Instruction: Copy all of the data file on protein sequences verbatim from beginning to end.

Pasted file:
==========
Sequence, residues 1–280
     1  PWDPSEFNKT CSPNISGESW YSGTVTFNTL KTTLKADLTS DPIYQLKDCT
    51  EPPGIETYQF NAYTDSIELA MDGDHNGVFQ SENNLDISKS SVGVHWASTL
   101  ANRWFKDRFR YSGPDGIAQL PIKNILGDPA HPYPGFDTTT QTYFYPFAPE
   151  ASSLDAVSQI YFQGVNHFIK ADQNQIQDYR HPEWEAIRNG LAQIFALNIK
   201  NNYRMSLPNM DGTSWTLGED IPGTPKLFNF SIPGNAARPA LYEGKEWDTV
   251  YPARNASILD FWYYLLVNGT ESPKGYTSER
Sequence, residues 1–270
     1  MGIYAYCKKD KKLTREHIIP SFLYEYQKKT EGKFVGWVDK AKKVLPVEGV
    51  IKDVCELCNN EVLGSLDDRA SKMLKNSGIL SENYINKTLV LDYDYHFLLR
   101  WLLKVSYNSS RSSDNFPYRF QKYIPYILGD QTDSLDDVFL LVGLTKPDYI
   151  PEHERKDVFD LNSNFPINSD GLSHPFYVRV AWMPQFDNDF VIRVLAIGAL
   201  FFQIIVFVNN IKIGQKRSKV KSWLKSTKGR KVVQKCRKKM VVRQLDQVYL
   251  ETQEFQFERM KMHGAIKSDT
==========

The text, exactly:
Sequence, residues 1–280
     1  PWDPSEFNKT CSPNISGESW YSGTVTFNTL KTTLKADLTS DPIYQLKDCT
    51  EPPGIETYQF NAYTDSIELA MDGDHNGVFQ SENNLDISKS SVGVHWASTL
   101  ANRWFKDRFR YSGPDGIAQL PIKNILGDPA HPYPGFDTTT QTYFYPFAPE
   151  ASSLDAVSQI YFQGVNHFIK ADQNQIQDYR HPEWEAIRNG LAQIFALNIK
   201  NNYRMSLPNM DGTSWTLGED IPGTPKLFNF SIPGNAARPA LYEGKEWDTV
   251  YPARNASILD FWYYLLVNGT ESPKGYTSER
Sequence, residues 1–270
     1  MGIYAYCKKD KKLTREHIIP SFLYEYQKKT EGKFVGWVDK AKKVLPVEGV
    51  IKDVCELCNN EVLGSLDDRA SKMLKNSGIL SENYINKTLV LDYDYHFLLR
   101  WLLKVSYNSS RSSDNFPYRF QKYIPYILGD QTDSLDDVFL LVGLTKPDYI
   151  PEHERKDVFD LNSNFPINSD GLSHPFYVRV AWMPQFDNDF VIRVLAIGAL
   201  FFQIIVFVNN IKIGQKRSKV KSWLKSTKGR KVVQKCRKKM VVRQLDQVYL
   251  ETQEFQFERM KMHGAIKSDT